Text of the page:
BEYOND THE MASK: MASQUERADE
Sainsbury Centre for Visual Arts, Norwich, UK - February 2015
In February 2015, Sylvie Ungauer spent three weeks at the Sainsbury Centre for Visual Arts in Norwich, England, at a research and production residency. During it, she wrote, directed and choreographed an event titled Beyond The Mask: Masquerade , which took the form of a guided visit throughout Norman Foster’s building.
This event was thought up, planned and carried out based on elements borrowed from the historical, museographical, social and architectural context of the SCVA and the University of East Anglia. The relational dimension of your artistic approach, where the encounter is seen as an active principle, regularly plunges you into varied contexts which you rely on to produce forms. From this angle, how did you have the idea of using the guided visit format?
The residency proposal came from the Sainsbury Centre’s educational department, in connection with their programmes and the different kinds of museum public. Working in a collaborative manner is a way of placing art as close as possible to the public during all the stages of its production. What’s more, there’s no longer an art public but rather art “users”. A situation is also a place with its history and the histories of the people “living in” it, by which I mean the patterns of behaviour, the relation between body and space, and the relation of use, which all constitute the place’s identity. This building has a twofold function: museography and teaching. The guided visit is often the first way to discover a museum. Akin to performance, it also introduces movement or displacement as an experience of a place and a collective history.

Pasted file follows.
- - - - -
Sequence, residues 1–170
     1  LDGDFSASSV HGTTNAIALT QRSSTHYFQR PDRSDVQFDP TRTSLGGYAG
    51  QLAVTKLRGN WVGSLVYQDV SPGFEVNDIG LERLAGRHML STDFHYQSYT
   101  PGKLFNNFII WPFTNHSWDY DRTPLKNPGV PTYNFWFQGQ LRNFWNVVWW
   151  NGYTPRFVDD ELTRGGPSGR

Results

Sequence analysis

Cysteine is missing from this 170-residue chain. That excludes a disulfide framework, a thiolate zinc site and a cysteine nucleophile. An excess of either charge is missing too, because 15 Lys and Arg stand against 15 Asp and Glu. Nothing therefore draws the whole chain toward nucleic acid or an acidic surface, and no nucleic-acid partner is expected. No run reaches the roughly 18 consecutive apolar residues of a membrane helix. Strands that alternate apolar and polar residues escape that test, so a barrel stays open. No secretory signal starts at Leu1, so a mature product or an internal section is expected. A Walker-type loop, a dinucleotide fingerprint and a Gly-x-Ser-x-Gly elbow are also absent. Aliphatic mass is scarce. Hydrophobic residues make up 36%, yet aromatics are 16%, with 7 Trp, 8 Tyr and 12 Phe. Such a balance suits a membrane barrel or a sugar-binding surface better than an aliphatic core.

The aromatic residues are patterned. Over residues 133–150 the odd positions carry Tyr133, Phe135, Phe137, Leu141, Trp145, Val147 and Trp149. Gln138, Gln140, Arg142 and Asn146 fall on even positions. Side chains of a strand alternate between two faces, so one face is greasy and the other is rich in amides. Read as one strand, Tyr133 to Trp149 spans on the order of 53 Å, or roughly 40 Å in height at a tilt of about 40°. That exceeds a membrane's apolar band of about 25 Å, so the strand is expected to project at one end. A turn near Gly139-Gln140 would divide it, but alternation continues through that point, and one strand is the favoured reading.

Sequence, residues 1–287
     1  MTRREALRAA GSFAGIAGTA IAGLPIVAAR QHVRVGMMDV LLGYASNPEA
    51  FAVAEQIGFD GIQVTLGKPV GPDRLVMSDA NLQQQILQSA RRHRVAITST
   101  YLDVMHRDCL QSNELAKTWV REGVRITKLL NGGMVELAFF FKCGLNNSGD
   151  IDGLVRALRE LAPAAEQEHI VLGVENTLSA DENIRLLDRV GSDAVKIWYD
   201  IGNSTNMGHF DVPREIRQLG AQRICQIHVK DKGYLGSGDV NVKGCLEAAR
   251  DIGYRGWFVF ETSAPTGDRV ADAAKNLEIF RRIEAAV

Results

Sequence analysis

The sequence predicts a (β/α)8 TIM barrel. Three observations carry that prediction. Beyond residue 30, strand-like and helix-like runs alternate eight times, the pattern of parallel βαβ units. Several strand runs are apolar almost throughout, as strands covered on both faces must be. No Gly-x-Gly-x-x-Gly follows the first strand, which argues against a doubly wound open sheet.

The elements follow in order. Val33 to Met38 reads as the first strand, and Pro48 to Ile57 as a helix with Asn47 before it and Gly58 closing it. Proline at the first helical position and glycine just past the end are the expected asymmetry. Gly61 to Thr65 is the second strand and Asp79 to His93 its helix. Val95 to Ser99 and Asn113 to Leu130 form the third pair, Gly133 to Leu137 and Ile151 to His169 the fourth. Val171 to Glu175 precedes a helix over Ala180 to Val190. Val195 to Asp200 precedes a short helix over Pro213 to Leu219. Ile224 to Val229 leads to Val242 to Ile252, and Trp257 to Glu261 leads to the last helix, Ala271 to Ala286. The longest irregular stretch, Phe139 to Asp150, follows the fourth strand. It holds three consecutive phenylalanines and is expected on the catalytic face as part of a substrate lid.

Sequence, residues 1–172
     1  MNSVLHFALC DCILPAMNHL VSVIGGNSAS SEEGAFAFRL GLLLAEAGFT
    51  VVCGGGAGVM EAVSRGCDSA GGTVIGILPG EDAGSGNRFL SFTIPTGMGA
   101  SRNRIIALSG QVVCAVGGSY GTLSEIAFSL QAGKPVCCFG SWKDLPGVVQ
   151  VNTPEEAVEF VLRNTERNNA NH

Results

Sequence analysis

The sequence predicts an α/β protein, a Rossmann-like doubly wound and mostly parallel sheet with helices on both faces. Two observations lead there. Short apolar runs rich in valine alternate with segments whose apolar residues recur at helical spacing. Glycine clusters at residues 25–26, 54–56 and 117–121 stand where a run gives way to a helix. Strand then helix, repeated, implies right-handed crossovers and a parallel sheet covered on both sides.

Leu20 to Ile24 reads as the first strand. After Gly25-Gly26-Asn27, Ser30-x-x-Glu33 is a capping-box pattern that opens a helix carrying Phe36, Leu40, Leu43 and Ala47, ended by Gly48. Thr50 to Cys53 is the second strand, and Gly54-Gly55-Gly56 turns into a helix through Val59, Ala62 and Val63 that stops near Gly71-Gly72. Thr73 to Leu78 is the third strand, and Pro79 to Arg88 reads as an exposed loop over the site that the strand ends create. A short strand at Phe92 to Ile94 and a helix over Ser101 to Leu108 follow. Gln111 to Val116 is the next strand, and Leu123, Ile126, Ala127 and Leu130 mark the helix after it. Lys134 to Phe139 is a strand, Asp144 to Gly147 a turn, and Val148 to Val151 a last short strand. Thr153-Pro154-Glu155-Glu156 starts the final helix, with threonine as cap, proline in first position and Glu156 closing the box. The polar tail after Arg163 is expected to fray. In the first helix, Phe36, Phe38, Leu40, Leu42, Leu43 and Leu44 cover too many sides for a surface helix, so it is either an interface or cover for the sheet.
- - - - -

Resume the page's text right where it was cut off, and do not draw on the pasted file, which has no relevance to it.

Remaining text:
I’ve created a text based on histories collected from users of the SCAV, to shed light not only on the history of this place, but also on how it is informed by what people say about it. Museography is developed in the “Living Area”, as with collectors. The exhibition is easy to have access to, but it gets rid of all the historical and political complexity of the ethnographical objects which are mixed in with the modern western artworks. It was a matter of getting a “non-practiced narrative” heard, and creating a circuit throughout the building, with breaks and pauses which I’ve called “stations”. In eight “tableaux”, the characters incarnated by dancers appear in costumes and masks. Invariably in a group, they take an autonomous itinerary and place themselves in space during the visit conducted by two guides. Strange, silent visitors, defying the public’s gaze, they embark on a dialogue with objects on view and with the furniture. I really did have the feeling of having composed a common world for 30 minutes in that magnificent venue of the Sainsbury Centre of Visual Arts, on 20 February 2015, at 7 pm.
It’s the first stage of a film project.
Antoine Huet & Sylvie Ungauer, April 2015 (excerpt for the English translation)
This residency program is organised by th Sainsbury Centre of Visuel Arts, University of East Anglia, Norwich NR4 7TJ, Angleterre.
As part of Time and Place (TAP) which has been selected within the INTERREG IV A France (Channel) – England cross-border European cooperation programme, part-financed by the ERDF.